As Team India captain and the team's leading batsman, on whose success much revolves, Virat Kohli carries the expectations of over a billion Indians.
With the promise of exciting, high-scoring cricket, the 12th World Cup begins Thursday in an age deep into the T20 era. With only 10 of 12 Test-playing nations participating and no associate members, this could be labelled an elitist World Cup. It may, however, have been designed this way to enhance the image of ODI cricket, facing the continuous threat of being swamped by the rising popularity of the shorter T20 format. The image of ODIs in a World Cup format was resurrected in the splendidly-conducted 2015 Cup. England is tasked with presenting the spectacle of cricket and protecting the game, its players and fans as security threats rise in the age of terrorism. England and Wales’ cricketing ambience will lend the game a natural lustre, while the logistical simplicity of the hosts will facilitate the conduct.
Of the three teams most fancied, England never won the World Cup, while Australia (five) and India (two) have. There are four others, including former champions West Indies and Pakistan, plus New Zealand and South Africa, who could win it if they have two successive good days in the semi-final and final. Of former champions, the Sri Lankans are a long shot. With a full preliminary league, where 10 teams play each other once, it will be as physically challenging as in mentally keeping the focus until the do-or-die knockouts. Only teams that can be competitive in a testing league format, in conditions that may offer plenty of runs on dry pitches, can expect to be in emotional shape as the crucial three games of the World Cup are played in mid-July.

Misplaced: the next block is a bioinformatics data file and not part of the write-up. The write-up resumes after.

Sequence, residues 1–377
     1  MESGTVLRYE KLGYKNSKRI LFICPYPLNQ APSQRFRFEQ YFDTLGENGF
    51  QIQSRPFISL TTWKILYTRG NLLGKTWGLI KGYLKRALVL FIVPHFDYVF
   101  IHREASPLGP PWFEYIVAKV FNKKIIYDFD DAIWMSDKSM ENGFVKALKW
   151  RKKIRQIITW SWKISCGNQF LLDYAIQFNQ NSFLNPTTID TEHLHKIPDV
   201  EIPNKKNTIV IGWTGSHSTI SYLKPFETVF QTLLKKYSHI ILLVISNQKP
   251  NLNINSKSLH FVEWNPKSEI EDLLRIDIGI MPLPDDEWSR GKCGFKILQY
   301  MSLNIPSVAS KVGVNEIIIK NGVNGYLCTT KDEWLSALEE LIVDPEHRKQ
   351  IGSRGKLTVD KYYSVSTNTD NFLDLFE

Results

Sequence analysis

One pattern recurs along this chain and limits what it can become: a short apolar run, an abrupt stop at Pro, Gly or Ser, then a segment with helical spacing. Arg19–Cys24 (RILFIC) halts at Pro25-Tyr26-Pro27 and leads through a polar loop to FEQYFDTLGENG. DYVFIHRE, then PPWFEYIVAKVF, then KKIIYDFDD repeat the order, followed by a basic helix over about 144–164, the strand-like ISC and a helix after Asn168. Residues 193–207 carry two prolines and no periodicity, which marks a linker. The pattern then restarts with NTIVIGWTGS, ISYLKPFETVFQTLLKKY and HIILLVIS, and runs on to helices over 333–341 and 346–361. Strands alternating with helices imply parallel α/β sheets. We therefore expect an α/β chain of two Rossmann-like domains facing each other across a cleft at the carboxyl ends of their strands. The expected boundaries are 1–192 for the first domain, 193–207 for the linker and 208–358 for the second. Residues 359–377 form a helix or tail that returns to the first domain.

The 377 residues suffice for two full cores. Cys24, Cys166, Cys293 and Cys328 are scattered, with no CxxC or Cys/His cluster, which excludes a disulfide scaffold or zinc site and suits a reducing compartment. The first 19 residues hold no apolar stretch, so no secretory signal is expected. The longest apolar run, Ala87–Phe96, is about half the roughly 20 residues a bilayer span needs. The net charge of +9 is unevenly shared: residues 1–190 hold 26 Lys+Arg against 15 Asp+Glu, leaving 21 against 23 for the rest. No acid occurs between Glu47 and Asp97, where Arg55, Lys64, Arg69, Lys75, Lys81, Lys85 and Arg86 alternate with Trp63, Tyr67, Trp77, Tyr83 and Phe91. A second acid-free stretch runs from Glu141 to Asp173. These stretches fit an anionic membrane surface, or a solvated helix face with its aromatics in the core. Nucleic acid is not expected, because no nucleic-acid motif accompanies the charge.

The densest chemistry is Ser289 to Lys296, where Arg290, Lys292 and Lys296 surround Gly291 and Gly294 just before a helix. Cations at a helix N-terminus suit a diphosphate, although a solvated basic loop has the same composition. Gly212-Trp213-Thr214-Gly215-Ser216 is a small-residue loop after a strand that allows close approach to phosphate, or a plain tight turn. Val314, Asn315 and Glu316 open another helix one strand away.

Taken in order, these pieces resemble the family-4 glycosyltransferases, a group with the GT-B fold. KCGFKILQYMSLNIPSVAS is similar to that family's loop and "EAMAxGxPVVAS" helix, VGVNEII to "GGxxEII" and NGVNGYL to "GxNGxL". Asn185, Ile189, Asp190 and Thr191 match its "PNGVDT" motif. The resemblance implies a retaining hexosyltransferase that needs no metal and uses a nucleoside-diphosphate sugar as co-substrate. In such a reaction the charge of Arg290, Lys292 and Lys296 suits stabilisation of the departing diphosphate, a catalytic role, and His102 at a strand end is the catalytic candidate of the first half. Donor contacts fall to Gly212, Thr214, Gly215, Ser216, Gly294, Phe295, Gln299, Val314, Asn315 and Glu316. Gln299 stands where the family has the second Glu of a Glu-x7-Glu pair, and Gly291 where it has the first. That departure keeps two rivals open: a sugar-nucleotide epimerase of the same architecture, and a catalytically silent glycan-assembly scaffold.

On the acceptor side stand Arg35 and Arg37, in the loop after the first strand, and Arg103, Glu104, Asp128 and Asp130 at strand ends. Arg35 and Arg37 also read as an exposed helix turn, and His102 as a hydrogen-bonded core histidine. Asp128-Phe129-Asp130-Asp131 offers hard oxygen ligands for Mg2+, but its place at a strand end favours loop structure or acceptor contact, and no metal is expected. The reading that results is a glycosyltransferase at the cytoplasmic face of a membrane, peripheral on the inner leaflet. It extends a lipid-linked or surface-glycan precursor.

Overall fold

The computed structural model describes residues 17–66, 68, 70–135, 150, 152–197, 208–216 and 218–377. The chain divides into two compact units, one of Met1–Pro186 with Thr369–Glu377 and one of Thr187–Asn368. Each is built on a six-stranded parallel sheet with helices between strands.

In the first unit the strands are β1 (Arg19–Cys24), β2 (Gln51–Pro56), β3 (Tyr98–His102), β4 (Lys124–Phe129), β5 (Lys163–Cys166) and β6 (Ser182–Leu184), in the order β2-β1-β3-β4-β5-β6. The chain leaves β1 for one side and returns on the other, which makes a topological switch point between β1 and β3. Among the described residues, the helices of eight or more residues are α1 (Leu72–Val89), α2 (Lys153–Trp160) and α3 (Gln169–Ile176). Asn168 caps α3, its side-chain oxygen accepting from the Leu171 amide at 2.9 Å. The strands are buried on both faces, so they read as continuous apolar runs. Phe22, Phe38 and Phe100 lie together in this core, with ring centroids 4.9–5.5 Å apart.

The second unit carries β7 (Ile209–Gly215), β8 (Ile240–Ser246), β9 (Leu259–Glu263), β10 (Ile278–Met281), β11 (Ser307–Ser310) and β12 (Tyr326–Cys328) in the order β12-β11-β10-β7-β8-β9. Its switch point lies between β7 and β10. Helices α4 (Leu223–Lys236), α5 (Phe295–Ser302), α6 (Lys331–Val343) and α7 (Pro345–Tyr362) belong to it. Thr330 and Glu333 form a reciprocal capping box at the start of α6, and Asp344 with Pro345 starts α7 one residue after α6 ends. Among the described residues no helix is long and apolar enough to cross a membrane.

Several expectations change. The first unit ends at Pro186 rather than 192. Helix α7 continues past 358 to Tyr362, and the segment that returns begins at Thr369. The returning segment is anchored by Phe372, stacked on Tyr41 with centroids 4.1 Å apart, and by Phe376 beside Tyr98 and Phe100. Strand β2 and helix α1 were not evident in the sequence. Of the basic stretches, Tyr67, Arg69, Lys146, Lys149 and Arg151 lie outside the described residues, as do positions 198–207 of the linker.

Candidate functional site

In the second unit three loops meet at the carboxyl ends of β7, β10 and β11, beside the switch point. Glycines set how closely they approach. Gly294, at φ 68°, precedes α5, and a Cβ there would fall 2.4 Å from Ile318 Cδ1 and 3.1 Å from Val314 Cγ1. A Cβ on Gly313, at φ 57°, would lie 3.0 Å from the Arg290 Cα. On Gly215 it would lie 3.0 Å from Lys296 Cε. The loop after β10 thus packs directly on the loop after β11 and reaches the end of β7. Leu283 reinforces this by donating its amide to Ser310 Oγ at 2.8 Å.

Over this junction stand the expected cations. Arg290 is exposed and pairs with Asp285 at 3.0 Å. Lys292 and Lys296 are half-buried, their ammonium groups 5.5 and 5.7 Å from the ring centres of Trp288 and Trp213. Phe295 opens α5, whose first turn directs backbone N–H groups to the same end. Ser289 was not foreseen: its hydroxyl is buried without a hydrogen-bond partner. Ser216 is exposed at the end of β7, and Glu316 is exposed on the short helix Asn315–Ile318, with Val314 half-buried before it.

As Team India captain and the team's leading batsman, on whose success much revolves, Virat Kohli carries the expectations of over a billion Indians. While his top-heavy batting order can be under pressure if the overhead conditions assist swing and seam, it’s the bowling that has to shine on flat pitches in a possibly dry English summer. In the finest batting conditions of the last World Cup, it was Australia’s bowlers who made short work of the final, just another reminder that unsung bowlers can still win games by taking wickets as containment alone may not be required in a summer of big totals. India’s hopes revolve around a balanced and potent bowling attack.
The luck factor will really kick in when it comes to the knockouts. There is always the hope that umpiring standards will be high enough to leave a level playing field even if the decision review system exists to ensure better decision-making. Pitch invasions towards the end of games were a problem at the last World Cup in England two decades ago, but these are minor issues compared to what the cradle of cricket can do to further the game's image as a global sport.